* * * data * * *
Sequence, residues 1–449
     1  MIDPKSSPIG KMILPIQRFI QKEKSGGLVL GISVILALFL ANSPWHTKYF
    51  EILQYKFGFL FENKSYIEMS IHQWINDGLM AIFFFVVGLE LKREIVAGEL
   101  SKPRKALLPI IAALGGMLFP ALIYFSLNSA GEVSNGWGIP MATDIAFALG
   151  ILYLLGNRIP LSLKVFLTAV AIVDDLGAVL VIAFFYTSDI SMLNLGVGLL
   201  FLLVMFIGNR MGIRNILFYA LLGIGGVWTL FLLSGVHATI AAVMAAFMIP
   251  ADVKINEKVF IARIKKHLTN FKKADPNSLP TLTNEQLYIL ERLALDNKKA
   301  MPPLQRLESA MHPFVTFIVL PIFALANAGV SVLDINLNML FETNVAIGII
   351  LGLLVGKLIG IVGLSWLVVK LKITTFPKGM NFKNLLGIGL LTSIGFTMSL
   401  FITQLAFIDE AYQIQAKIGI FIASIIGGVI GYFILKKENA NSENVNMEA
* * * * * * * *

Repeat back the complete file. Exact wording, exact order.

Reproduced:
Sequence, residues 1–449
     1  MIDPKSSPIG KMILPIQRFI QKEKSGGLVL GISVILALFL ANSPWHTKYF
    51  EILQYKFGFL FENKSYIEMS IHQWINDGLM AIFFFVVGLE LKREIVAGEL
   101  SKPRKALLPI IAALGGMLFP ALIYFSLNSA GEVSNGWGIP MATDIAFALG
   151  ILYLLGNRIP LSLKVFLTAV AIVDDLGAVL VIAFFYTSDI SMLNLGVGLL
   201  FLLVMFIGNR MGIRNILFYA LLGIGGVWTL FLLSGVHATI AAVMAAFMIP
   251  ADVKINEKVF IARIKKHLTN FKKADPNSLP TLTNEQLYIL ERLALDNKKA
   301  MPPLQRLESA MHPFVTFIVL PIFALANAGV SVLDINLNML FETNVAIGII
   351  LGLLVGKLIG IVGLSWLVVK LKITTFPKGM NFKNLLGIGL LTSIGFTMSL
   401  FITQLAFIDE AYQIQAKIGI FIASIIGGVI GYFILKKENA NSENVNMEA